No significant main effect of foot strike or condition was present in work, average power, average moment rate, or percentage contribution of each joint to total work and average power. However, there were significant interaction effects in all multivariate analyses (Tables 3 and 4). Significantly greater negative ankle average power (49.5%, P = 0.003; Table 3) was observed in habitual FFS versus habitual RFS runners. Post hoc tests also revealed a significant increase in ankle negative average power during stance in imposed FFS versus habitual RFS running (63%, P = 0.001) and habitual FFS versus imposed RFS (49%, P = 0.004) (Table 3). Positive average ankle power was not different between habitual RFS versus habitual FFS runners; however, when habitual RFS runners switched to an imposed FFS, it increased by 19.3% (P = 0.012). Similar differences in ankle work were observed to those of ankle average power (Table 3). The percentage contribution of the ankle joint to total negative lower limb work and average power during stance was significantly lower in an RFS technique compared with an FFS technique both when comparing habitual and imposed conditions (Fig. 2). The average plantarflexion moment rate was significantly greater in habitual FFS versus habitual RFS (31%, P = 0.001) and versus an imposed RFS (24%, P = 0.008) (Table 4). The average ankle internal rotation moment rate was significantly greater when habitual RFS runners switched to an imposed FFS (34%, P = 0.011; Table 4).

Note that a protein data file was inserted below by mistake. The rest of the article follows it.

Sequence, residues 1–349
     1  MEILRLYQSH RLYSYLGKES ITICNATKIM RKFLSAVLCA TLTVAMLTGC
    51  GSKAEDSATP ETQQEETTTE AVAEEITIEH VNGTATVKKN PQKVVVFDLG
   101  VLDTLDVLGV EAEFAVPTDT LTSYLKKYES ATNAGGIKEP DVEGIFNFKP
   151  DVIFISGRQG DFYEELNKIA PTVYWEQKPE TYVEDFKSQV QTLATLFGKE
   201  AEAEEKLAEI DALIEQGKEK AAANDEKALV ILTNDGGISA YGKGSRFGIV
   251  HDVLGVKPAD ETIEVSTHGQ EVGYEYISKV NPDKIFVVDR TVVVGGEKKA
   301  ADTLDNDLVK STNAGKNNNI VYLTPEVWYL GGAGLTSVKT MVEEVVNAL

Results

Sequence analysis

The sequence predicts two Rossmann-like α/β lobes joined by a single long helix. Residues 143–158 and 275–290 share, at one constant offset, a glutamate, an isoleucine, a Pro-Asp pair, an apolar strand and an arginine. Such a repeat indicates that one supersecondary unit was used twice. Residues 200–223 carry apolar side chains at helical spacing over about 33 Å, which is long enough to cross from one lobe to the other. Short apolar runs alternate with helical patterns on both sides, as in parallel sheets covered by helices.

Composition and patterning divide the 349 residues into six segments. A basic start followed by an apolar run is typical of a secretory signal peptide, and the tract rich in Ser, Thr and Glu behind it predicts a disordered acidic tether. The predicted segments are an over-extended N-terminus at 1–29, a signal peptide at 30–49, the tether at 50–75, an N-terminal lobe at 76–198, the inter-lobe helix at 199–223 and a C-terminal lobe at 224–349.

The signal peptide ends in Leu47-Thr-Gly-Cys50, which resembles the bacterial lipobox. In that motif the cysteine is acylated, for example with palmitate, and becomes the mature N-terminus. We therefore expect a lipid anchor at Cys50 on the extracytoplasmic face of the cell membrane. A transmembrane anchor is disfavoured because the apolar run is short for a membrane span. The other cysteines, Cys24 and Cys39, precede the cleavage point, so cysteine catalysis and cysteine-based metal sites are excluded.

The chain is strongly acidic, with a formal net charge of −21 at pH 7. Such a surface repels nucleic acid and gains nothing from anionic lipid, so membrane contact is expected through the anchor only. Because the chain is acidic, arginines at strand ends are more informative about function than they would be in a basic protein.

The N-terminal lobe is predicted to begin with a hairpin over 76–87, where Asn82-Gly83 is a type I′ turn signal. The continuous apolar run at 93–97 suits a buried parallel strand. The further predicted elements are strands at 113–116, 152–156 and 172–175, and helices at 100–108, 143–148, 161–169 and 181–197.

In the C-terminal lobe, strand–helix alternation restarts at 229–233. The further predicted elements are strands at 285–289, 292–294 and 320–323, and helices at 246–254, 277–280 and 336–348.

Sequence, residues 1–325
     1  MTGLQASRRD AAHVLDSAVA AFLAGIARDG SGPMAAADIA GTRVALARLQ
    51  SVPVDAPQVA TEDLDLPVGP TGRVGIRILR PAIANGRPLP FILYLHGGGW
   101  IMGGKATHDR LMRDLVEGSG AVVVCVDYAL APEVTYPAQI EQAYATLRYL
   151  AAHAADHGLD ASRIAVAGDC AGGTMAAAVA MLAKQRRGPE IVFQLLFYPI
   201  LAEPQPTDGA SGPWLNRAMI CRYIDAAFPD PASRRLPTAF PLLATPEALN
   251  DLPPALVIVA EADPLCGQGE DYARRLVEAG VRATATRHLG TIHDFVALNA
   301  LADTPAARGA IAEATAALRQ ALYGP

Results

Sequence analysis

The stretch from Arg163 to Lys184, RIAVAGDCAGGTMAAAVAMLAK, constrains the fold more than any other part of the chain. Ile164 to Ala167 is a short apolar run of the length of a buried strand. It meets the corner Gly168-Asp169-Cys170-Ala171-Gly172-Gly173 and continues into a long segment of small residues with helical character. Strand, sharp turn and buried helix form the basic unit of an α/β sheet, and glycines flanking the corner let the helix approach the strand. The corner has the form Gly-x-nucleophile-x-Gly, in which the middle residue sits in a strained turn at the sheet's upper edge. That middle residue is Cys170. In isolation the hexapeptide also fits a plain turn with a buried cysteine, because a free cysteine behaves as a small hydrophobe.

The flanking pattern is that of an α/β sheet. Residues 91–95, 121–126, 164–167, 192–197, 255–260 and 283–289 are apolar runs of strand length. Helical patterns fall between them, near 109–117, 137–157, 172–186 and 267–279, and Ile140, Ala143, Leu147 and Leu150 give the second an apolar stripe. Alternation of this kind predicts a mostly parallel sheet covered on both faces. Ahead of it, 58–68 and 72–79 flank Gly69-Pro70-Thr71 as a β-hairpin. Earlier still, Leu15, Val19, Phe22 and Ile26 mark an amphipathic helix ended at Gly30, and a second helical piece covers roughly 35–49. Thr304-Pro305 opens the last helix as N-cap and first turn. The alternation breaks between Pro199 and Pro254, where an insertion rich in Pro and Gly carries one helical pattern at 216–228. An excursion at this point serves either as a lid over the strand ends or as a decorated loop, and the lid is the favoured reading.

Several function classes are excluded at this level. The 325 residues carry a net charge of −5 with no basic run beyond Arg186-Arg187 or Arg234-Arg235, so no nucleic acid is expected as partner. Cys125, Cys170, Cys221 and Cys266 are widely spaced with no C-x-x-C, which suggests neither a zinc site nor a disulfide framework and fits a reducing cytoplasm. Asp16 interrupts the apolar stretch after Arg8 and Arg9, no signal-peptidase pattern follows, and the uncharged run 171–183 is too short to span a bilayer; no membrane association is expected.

Negative knee average power during stance was significantly different across all conditions. Post hoc tests revealed that habitual RFS runners had 49% (P = 0.003) greater negative average power at the knee than habitual FFS runners and 45% (P < 0.001) greater negative average power than when they performed an imposed FFS technique. When habitual FFS runners switched to an imposed RFS, they had 40% (P = 0.001) greater negative average power at the knee (Table 3). The percentage contribution of the knee joint to total negative lower limb work and average power during stance was significantly greater in an RFS technique compared with an FFS technique both when comparing habitual and imposed conditions (Fig. 2). Similar to peak knee moments, the average knee extension moment rate was significantly greater when habitual FFS runners switched to an imposed RFS (16%, P = 0.002; Table 4). Despite not being statistically significant after a Bonferroni adjustment (P = 0.028), the knee abduction moment rate was 87% greater in habitual RFS versus habitual FFS runners, whereas there was only a 3% and 16% difference (nonsignificant) in habitual RFS versus imposed FFS and habitual FFS versus imposed RFS, respectively (Table 4).